Live music 2022

I went to multiple live rock concerts in 2022 for the first time in years and it was all a result of my 17 year-old daughter's prompting. In July she was visiting a best friend in Montpellier, France. Her friend's parents went to see The Smile, Thom Yorke and Jonny Greenwood's band, in the Arènes de Nîmes. My kid discovered that the band would be in Denver in December 2022 and insisted I get tickets. I did. And then we started looking into which bands were playing at Red Rocks at the end of that venue's season and found tickets to see King Gizzard's long-delayed Red Rocks debut. I got tickets for that, too.

I hadn't been to Red Rocks since the 20th century (Lyle Lovett in 1998, if I remember correctly). All the good things about this venue remain, particularly the views over the plains at thunderstorms or the Moon. King Gizzard was amazing. They took some selfies, referred to us affectionately as "cunts" (they are Australian millenials), invited us to "get fucked up and love each other", and then rocked everyone's socks off for 3 hours. Here's the set list and a full recording of the show. They kicked off with "Mars for the Rich", which is increasingly appropriate.

Moonrise from Red Rocks

Getting to Red Rocks and back from Fort Collins is a slog. Denver's Mission Ballroom is much more accessible. I relaxed in the passenger seat while my daughter drove and we killed some time in a River North pub. In the line for the door my daughter and I met a couple from Kansas City who were there for their second show and who had all kinds of stories and advice for navigating the venue. The Mission Ballroom has less than half the capacity of Red Rocks and feels more intimate. We were seated, not on the floor, but could easily see the band. The band played a bunch of yet unreleased songs and treated us to an extra heavy version of Bending Hectic in the encore. We were super satisfied!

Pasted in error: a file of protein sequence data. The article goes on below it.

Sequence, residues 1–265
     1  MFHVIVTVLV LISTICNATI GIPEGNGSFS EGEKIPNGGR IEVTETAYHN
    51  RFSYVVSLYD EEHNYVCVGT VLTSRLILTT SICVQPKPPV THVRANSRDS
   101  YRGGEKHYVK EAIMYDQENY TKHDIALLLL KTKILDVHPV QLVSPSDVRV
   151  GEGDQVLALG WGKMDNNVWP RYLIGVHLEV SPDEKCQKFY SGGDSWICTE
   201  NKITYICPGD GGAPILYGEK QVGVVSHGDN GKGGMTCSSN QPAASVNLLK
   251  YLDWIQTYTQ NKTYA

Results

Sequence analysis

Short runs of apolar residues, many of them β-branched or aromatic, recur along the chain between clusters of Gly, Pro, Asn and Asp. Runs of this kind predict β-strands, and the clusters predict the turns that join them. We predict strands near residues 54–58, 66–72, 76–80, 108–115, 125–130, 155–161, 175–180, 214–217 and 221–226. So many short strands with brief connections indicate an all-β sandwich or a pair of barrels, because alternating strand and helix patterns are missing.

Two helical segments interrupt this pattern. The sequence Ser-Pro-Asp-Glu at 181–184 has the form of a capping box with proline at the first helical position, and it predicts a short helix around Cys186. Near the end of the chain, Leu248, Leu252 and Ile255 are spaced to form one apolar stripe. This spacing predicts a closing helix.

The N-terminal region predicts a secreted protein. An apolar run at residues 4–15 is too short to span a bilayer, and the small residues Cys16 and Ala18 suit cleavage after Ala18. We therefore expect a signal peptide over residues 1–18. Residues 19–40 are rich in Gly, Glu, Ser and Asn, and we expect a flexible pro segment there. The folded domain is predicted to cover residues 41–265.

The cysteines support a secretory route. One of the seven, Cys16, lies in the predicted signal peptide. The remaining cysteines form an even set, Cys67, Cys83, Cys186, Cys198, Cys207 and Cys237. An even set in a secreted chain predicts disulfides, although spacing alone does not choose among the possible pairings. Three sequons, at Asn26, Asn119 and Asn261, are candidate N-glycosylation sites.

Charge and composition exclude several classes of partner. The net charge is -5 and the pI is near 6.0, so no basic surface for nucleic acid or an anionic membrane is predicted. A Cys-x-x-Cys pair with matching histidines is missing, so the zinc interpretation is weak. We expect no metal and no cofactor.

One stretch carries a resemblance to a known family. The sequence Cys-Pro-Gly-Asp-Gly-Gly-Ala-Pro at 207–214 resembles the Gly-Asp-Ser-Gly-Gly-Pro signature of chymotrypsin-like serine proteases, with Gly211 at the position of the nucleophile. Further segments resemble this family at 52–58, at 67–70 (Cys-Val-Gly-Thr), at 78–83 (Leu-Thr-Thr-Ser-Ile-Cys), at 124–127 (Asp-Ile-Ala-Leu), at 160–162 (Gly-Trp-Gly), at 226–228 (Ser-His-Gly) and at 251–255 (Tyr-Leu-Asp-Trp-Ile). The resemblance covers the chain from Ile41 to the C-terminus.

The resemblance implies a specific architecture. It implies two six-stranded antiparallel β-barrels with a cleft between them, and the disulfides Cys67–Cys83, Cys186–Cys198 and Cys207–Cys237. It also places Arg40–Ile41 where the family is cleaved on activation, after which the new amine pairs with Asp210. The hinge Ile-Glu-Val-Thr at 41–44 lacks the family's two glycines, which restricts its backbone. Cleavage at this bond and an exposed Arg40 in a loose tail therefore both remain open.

Denver's Mission Ballroom

These shows were great musically and a great chance to connect with a teenager in the context of different adult audiences. The King Gizzard crowd was young, like 5-10 years older than my kid, and exuberantly high. The Smile's audience was about 10-15 years older than that and much more subtly high. If you're a parent of a high school junior or senior you may know what it's like to go to shows like this. The chance to have candid conversations about partying and intoxication and the consequences is something you have to seize if you can. Find a band you all like and do it!

We don't have anything on our future concert schedule except They Might be Giants in May, but we're looking. The two of us are the more natural late night rock-and-rolling team of the family and are looking forward to more.